SEMINOLE COUNTY, Fla. – The number of people Seminole County Public Schools has asked to quarantine this academic year stands at 179 Wednesday, up from 158 on Tuesday.
That number also includes two teachers who were possibly exposed and sent into quarantine before classes began.
Health officials in Seminole County said those cases are community-acquired and not from the schools itself.
“Obviously, the incubation period hasn’t been long enough since school opened to see any transmission within the school system,” said Donna Walsh, health officer for the Florida Department of Health in Seminole County.
The state health department in Seminole County reports 21 students and four staff members testing positive in 17 different schools in the county. The number includes private and charter schools.
Seminole County Medical Director Dr. Todd Husty said since the county enacted the mask mandate, cases have been dropping significantly. Tuesday, the daily positivity rate hit 3.93%.
“Are we going to see a breaking point of exposure with schools reopening? This is going to go on. We knew that going in, that’s why we were trying to be so careful. We’re going to track everybody,” Husty said.
Of the new possible COVID-19 exposures, 13 were at Bear Lake Elementary School, officials said.
Below is the list of schools:
- 2 teachers prior to the school year starting at Altamonte Elementary School who are set to return next week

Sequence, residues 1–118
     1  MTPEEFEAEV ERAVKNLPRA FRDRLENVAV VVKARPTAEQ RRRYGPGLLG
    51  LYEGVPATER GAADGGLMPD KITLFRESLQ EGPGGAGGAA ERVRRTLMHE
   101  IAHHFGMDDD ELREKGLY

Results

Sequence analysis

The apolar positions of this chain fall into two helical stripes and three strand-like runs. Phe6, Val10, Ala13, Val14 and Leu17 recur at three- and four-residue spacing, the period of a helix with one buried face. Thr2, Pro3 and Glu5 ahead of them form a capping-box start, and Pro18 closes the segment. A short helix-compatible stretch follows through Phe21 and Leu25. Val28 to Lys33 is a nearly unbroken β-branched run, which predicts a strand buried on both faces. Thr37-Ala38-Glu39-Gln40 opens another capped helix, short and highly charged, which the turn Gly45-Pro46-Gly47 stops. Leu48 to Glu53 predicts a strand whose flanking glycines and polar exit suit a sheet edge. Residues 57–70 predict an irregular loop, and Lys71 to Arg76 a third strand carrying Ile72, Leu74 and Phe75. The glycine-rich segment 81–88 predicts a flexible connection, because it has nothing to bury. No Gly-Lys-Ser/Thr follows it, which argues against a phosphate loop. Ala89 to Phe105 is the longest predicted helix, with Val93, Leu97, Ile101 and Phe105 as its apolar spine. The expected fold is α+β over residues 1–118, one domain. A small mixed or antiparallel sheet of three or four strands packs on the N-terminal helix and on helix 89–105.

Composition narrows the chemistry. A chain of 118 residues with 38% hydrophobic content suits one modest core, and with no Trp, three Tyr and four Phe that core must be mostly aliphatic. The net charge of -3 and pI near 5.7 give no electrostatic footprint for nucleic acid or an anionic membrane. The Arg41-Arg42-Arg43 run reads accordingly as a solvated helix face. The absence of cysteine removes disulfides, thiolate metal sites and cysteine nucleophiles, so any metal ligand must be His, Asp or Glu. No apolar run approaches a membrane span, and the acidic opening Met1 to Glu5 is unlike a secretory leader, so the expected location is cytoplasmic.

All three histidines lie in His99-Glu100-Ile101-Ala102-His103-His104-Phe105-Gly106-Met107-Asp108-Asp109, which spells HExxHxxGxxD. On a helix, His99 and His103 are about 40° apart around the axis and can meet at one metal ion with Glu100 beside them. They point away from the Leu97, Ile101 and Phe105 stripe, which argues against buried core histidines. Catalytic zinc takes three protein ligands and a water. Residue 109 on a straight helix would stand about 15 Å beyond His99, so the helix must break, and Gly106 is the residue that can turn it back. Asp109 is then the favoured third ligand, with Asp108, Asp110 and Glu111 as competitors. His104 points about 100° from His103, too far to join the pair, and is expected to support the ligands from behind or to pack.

- 18 individuals quarantining at Lake Mary Elementary School
- 21 individuals quarantining at Lawton Elementary School
- 13 individuals quarantining at Bear Lake Elementary School
- 15 individuals quarantining at Wilson Elementary School
- 3 individuals quarantining at Winter Springs High School
- 11 individuals quarantining at Hagerty High School
- 26 individuals quarantining at Lyman High School
- 70 individuals quarantining at Lake Brantley High School, based on three instances
On Tuesday, SCPS said that there were 11 possible exposures at Teague Elementary School, but on Wednesday that school was taken off the list because SCPS said it was still “waiting to confirm.” If those quarantines are added back, they would bring the total number to 190.
The district on Wednesday also upped the number of individuals in quarantine at Lake Brantley High School from 51 to 70.
Keep in mind, those who are in quarantine have not necessarily been diagnosed with COVID-19 but are self-isolating because they may have been exposed to the deadly respiratory illness.
Michael Lawrence, communications officer for Seminole County Public Schools, said the confirmed cases include both teachers and students. He said the district is working with the health department to determine who needs to quarantine.
“So we really want to make sure that they’ve had close contact, within that 6 feet, masks or no masks, with that longer than 15 minutes of time,” Lawrence said Tuesday.
Health officials said they will continue to work with schools to make sure those who may come in contact with the virus are quickly notified to quarantine. As far as Seminole County goes, health officials are confident the cases won’t have as much as an impact as it did last semester when schools closed their doors.
“I think we’re a long ways from the concern of shutting down the schools. I don’t think we’re ever going to reach that,” Husty said.
Seminole County students who opted for in-person learning returned to the classroom on Aug. 17 and were greeted by enhanced safety measures, including desk shields and masks.
Everyone who has been asked to self-quarantine has been switched to the district’s Seminole Connect remote-learning platform. Those students and teachers will be utilizing the platform for the duration of their quarantine, per district policy, according to statements from each school.
The number of cases and quarantines associated with Seminole County schools is expected to fluctuate daily.
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